A new report, by economists at Teagasc, provides an update on the forecast average margins and incomes which are likely across the agricultural sector in Ireland in 2023.
Agriculture continues to face substantial input price inflation, much of it prompted by Russia’s illegal invasion of Ukraine. Agricultural production costs in 2023 look like they will be little different to the high level experienced in 2022. At the same time, there have been significant negative price movements in some farm output prices, which will reduce margins in 2023. This is particularly the case in the dairy and tillage sectors, which enjoyed record incomes in 2022.
While over half the year has passed, making accurate income forecasts across the various farm systems for 2023 remains challenging. Some critical data relating to trends in the volume of input usage and changes in the price of some farm inputs are not readily available at this time.
Dairy farms and Tillage farms are forecast to experience a substantial drop in incomes in 2023 compared with last year. Incomes on Cattle Rearing farms are expected to rise from a low level in 2022. Incomes on Cattle Other farms (mainly finishers) are also expected to increase slightly due to higher finished cattle prices, but there remain significant challenges with the continuation of elevated feed prices and the seasonality of beef production. Sheep farm incomes are forecast to remain relatively unchanged on the 2022 level.
A substantial drop in dairy farm income in 2023 is forecast, with a decrease in excess of 50% on the 2022 level now possible. This decrease would bring the average dairy farm income back to €70,000. For the second year in succession, no increase in aggregate Irish milk production is forecast. While dairy cows numbers have increased marginally in 2023, this has been offset by slightly lower milk yields. Weather conditions have been unfavourable at times this year and this is evident in grass growth figures, which are below the long term average.
Irish Dairy farmers benefitted from a dramatic increase in milk prices in 2022, but there has been a sharp reduction in milk prices in 2023, as the global milk supply has increased. Average milk production costs in 2023 are likely to remain close to the 36 cent per litre average figure recorded in 2022, leaving higher cost producers in particular with very low margins.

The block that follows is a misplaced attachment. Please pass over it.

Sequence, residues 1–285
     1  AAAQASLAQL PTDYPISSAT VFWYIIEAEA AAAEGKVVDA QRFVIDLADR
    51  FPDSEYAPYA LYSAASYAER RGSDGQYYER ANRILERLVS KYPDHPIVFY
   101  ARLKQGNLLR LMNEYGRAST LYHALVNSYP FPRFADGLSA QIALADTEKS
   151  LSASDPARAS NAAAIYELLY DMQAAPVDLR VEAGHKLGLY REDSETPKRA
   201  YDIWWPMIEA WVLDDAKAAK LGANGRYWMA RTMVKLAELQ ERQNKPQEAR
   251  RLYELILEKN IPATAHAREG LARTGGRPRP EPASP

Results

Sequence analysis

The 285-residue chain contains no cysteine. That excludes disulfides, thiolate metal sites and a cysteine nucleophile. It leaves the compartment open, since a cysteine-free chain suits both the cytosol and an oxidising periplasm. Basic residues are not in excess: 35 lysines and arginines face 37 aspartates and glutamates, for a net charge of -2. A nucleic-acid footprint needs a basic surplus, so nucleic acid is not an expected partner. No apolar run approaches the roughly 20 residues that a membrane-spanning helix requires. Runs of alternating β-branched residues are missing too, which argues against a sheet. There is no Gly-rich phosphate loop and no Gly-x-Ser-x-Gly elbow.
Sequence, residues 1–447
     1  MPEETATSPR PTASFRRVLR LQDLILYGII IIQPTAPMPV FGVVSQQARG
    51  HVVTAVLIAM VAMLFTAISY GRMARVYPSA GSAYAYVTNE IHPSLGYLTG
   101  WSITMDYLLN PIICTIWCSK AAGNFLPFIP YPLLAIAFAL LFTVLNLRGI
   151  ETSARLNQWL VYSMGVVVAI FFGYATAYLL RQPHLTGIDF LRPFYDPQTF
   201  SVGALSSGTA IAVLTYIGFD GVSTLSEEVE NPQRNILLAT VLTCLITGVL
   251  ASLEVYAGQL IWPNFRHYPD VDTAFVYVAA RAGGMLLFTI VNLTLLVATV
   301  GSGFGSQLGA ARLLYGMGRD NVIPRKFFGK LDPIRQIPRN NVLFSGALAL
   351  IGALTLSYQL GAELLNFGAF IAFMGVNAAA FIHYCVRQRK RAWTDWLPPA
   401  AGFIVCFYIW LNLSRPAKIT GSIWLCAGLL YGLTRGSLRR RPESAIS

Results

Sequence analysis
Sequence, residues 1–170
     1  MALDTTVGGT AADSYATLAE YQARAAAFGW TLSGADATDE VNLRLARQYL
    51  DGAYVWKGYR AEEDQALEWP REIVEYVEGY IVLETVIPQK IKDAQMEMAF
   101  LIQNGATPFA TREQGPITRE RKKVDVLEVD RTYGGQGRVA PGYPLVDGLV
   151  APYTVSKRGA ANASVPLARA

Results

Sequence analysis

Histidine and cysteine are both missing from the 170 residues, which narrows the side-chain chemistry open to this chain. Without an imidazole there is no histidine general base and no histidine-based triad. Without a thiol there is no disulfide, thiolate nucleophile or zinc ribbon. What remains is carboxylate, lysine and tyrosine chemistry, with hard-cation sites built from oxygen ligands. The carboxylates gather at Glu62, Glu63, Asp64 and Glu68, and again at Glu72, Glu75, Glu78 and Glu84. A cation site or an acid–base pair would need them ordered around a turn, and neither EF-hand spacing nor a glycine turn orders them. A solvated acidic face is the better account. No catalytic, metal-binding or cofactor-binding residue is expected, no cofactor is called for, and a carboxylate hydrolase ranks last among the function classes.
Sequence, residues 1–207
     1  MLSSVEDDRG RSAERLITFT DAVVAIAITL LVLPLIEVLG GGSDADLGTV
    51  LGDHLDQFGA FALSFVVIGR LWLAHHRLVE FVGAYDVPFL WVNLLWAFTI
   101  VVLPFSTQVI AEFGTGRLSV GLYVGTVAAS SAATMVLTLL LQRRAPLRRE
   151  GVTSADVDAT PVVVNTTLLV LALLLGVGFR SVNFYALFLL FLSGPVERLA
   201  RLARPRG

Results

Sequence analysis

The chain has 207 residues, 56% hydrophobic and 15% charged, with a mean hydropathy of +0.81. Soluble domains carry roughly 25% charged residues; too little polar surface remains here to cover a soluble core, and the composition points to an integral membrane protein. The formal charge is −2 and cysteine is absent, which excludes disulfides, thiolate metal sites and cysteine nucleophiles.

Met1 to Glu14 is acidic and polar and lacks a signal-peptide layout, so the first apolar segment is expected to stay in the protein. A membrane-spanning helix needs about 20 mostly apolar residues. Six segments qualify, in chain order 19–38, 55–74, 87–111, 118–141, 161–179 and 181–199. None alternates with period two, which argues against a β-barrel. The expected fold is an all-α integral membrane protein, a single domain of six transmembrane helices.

The average income on Cattle Rearing farms is forecast to increase by 15% in 2023. This would bring the average Cattle Rearing farm income up to about €10,800. This forecast increase is partly due to the introduction of both the Suckler Carbon Efficiency Programme (SCEP) and the Agri-Climate Rural Environment (ACRES) scheme. Mart prices are expected to be slightly higher in the autumn of 2023. However, elevated feed prices and overhead costs mean that the average net margin (profit exclusive of direct payments) on Cattle Rearing farms could remain negative in 2023.
The average income for Cattle Other farms in 2023 is forecast to increase by 5% to about €19,800. This increase in income in 2023 can be attributed to higher finished cattle prices, as total production costs are likely to remain largely unchanged. On an annual basis, total beef production is set to be lower in 2023 relative to 2022. However, beef production in the third quarter is expected to increase and possibly surpass the levels observed for the same period in recent years. The majority of farms in both cattle systems will continue to benefit from the Fodder Support Scheme introduced in 2022.